The first time it happened to me, I was busking on a street corner when a guy walked up and tossed a single in my case.

“I love ‘Fat Girls and Weed’, man!” He said, referencing a song that Tom was locally famous for. Many people around town thought Tom had written it (a notion he rarely disabused them of), though it was actually written by a small country band from Missouri called Renegade Rail. Tom had heard it from our mutual friend, Dana. I was going to tell the man all of this, but before I could finish the song I was singing and correct him, he’d walked off down the street.

Not long after, during a set-break at a show of mine, I was approached by a man and his wife.

“Hey, man, I just wanted to tell you we love your stuff! You sound great! We saw you with your band the other night at Jacksons, that ‘Fat Girls and Weed’ song is hilarious! Do you think you could do that ‘train’ song you did? ‘Downward Train’ or ‘Southbound Train’ or something like that? It had a train in it.”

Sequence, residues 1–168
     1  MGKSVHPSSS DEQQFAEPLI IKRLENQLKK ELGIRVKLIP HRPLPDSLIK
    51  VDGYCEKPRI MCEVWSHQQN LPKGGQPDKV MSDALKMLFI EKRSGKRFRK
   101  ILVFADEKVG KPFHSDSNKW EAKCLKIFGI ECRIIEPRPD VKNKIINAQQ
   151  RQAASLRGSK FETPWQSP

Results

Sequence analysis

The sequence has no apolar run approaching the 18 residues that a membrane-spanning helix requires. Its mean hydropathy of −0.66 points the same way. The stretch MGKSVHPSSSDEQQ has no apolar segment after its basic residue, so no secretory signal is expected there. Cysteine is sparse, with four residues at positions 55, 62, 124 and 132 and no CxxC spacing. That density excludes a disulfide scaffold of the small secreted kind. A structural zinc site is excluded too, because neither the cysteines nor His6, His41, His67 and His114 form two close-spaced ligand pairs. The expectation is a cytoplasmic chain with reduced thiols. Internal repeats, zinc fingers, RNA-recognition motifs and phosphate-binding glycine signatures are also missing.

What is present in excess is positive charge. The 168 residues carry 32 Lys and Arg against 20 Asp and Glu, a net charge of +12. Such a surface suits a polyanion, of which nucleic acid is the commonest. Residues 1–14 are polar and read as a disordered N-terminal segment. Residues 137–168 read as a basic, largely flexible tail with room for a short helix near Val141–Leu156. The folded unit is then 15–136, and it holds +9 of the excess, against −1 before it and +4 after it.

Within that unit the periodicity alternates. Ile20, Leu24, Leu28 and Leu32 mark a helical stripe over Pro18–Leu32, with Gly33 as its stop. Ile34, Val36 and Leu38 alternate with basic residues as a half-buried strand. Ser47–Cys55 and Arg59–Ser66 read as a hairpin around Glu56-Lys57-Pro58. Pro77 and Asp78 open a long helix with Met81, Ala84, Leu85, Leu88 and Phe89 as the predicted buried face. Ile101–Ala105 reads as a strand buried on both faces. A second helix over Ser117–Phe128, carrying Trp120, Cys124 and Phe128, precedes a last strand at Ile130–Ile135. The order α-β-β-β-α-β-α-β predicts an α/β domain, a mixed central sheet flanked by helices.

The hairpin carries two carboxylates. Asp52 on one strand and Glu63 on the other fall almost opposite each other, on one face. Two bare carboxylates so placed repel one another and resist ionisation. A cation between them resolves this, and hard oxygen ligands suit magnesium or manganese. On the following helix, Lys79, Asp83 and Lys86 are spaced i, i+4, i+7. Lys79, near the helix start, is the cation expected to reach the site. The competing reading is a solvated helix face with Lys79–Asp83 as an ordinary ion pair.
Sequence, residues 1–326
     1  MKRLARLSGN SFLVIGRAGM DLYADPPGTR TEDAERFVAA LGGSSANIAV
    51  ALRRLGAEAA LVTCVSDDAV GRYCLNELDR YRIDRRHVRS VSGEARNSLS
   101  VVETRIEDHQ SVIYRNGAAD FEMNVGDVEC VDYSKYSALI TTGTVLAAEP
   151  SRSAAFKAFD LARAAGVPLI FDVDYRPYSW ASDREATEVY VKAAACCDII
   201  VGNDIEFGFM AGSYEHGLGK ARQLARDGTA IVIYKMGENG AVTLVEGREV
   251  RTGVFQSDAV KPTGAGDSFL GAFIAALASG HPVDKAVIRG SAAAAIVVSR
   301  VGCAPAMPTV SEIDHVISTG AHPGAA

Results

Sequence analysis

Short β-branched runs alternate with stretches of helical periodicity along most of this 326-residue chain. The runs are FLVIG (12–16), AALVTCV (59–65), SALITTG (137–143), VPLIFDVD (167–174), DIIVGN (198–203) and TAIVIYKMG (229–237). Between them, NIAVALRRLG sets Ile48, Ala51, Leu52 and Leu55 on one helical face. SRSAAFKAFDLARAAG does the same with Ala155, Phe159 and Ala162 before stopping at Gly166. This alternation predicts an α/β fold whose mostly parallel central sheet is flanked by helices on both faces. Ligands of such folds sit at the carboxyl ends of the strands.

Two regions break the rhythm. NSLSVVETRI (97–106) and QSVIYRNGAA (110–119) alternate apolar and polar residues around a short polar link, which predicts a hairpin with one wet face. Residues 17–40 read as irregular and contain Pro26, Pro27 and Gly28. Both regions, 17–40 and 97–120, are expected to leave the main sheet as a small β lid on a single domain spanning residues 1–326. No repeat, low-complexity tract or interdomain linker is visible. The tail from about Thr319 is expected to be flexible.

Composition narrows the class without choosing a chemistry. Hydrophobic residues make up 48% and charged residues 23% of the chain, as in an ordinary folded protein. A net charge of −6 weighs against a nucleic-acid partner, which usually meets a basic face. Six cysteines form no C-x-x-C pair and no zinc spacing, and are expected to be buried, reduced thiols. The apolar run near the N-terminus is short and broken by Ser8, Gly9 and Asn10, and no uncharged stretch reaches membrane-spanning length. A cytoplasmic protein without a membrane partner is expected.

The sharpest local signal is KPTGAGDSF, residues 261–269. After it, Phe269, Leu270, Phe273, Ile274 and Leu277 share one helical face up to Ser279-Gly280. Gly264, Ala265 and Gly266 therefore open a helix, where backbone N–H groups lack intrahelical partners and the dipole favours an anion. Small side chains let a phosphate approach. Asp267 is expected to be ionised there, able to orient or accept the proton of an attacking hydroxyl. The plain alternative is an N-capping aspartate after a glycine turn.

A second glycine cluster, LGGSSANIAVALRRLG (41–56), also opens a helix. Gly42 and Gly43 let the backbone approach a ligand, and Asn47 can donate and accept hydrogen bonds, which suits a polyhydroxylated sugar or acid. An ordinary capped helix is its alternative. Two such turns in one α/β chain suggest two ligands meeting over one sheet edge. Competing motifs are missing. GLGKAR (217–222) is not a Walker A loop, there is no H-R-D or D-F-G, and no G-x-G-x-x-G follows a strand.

“Or ‘Bananas and Blow’?” His wife chimed in.

I told them that they had mistaken me for my friend Tom.

“No,” the man said. “I’m pretty sure it was you!”

Try as I might, I couldn’t convince him that I wasn’t the man that he’d seen.

“Pretty sure it was you!” He kept saying.

Eventually Tom began to report the same phenomenon –people would approach him at shows asking him to play songs that I did. He found requests to do my cover of ‘In the Air Tonight’ particularly galling, as he wasn’t a fan of the tune, but there seemed to be no help for the misidentification, so it just became a sort of running joke between the two of us.

In 2009, he uploaded a blurry black and white photo of himself to Facebook, but tagged it as me. Before long, casual friends and distant relations were commenting on the photo.